Ethical Statement

A game based on gladiatorial combat raises some ethical challenges. Gladiators were, for the most part, slaves. These people, owned by others, were forced into combat at high risk to life and limb. Theirs was a violent and brutal world.

Is this rightly the stuff of gaming? No more or less than it is the stuff of films and fiction where, as in this game, the victims are the heroes. The defence is not simply that it remembers what happened long ago, but that it is not real. The only slaves in this game are bits of data. This game is intended for those with an interest in Roman culture and themes as a subject. I can't speak for those who play it, but I will enforce the Terms and Conditions if offensive material is posted.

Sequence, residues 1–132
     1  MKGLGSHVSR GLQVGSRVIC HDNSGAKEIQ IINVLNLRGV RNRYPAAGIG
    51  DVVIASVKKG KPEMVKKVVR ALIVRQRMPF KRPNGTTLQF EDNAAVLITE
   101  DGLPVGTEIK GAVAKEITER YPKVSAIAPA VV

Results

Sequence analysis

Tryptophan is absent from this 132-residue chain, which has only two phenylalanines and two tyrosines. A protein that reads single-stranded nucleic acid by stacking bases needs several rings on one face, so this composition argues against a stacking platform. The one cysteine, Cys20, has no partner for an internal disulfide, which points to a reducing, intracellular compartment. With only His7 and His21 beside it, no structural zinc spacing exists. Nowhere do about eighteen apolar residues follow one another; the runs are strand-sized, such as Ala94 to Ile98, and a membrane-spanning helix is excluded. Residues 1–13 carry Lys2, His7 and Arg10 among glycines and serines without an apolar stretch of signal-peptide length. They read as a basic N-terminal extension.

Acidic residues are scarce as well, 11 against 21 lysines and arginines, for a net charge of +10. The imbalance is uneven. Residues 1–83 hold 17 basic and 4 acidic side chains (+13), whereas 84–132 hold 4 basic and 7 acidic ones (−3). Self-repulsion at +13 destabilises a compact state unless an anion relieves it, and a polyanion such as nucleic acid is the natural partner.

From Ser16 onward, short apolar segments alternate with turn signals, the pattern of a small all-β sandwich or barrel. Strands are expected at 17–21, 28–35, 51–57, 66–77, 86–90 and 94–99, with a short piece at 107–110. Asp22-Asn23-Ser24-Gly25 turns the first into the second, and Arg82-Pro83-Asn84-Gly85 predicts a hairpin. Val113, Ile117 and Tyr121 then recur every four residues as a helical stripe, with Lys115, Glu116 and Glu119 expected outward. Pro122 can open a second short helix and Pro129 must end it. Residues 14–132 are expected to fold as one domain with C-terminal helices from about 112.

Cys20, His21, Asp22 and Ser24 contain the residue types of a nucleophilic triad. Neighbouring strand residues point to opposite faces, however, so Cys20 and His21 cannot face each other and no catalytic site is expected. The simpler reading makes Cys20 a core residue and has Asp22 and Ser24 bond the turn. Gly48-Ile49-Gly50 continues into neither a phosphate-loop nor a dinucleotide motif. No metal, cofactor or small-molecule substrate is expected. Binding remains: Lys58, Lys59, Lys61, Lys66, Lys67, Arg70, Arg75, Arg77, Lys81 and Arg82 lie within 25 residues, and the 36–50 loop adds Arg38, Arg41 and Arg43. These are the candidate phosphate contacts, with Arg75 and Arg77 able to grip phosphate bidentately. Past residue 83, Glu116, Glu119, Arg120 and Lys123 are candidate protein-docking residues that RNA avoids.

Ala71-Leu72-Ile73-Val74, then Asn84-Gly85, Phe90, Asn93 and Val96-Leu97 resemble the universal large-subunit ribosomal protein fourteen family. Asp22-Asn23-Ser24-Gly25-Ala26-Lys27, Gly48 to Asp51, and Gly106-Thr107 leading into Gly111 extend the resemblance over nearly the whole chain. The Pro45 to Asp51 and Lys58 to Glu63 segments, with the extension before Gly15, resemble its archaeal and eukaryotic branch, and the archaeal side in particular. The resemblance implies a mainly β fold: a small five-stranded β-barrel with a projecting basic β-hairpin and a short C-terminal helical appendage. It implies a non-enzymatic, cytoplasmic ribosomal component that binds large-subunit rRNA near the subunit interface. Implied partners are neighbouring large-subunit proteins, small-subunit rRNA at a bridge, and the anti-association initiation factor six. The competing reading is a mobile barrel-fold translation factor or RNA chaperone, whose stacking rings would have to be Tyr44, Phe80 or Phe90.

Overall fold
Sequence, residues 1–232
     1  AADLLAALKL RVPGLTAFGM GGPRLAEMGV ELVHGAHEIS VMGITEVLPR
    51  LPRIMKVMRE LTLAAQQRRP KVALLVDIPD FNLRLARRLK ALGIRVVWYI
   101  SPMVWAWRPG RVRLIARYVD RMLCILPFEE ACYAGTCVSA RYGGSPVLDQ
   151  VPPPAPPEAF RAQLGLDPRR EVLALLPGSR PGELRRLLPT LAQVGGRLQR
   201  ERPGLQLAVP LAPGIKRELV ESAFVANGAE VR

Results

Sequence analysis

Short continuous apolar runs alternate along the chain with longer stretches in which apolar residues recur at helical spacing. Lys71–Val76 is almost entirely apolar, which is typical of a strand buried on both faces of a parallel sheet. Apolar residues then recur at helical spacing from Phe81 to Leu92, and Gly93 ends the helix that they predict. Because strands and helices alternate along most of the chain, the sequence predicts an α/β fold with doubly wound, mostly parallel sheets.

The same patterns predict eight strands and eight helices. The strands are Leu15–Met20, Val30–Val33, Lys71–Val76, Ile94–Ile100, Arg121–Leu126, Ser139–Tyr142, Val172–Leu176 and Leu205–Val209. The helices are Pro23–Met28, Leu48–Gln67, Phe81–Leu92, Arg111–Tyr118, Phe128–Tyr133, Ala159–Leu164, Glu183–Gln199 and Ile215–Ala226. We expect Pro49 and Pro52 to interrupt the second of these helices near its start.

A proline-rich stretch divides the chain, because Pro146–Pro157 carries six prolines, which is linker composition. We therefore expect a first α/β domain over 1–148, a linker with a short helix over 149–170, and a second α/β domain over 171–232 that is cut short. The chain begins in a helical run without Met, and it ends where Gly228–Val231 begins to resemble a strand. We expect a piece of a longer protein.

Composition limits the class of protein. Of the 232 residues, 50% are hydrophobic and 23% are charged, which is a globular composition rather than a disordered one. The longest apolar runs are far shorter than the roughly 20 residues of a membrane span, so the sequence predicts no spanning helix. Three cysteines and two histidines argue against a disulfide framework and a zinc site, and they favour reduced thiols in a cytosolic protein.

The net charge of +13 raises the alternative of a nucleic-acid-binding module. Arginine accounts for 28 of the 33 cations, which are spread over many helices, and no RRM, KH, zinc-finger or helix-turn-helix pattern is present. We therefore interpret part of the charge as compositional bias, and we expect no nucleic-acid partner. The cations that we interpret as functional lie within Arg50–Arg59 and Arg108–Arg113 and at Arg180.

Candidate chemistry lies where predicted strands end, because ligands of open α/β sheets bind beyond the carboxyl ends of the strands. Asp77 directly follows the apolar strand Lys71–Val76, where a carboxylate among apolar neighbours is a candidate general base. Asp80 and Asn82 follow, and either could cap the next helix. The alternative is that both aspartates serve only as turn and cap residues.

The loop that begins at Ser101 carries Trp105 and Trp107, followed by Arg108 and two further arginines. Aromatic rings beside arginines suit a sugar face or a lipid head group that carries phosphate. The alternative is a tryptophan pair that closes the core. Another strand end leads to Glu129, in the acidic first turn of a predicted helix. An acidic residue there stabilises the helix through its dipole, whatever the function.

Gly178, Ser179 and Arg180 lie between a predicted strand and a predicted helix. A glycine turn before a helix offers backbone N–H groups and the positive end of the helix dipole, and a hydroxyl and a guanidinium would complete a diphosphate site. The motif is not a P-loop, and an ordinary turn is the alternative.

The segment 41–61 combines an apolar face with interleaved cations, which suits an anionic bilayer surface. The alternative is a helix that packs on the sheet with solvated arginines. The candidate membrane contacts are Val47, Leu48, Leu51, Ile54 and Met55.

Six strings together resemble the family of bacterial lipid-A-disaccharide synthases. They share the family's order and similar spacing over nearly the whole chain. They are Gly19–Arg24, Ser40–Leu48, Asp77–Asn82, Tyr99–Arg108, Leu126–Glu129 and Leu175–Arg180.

I thought long and hard about referencing natio in the game. The Roman concept of natio was about place of origin and nation. Anyone selling a slave was required to state the slave's natio1.

"To use modern terms, the Romans were 'equal opportunity' enslavers: they did not limit their enslavements to one people, place, or, in our terms, race."2
Natio was significant in describing gladiators, which is why we will reference it in Gladiatoria. Gladiator origins will reflect and honour the range of areas exploited by Rome.


  1. Edict of the Aediles, Digest
  2. Roman Slavery and the Question of Race

Top of page
Home | Contact Us | Terms and Conditions | Ethical Statement
Most images on this site were developed for this site and are not in the public domain. The game rules and mechanics are copyright.
©2018 Richard Egan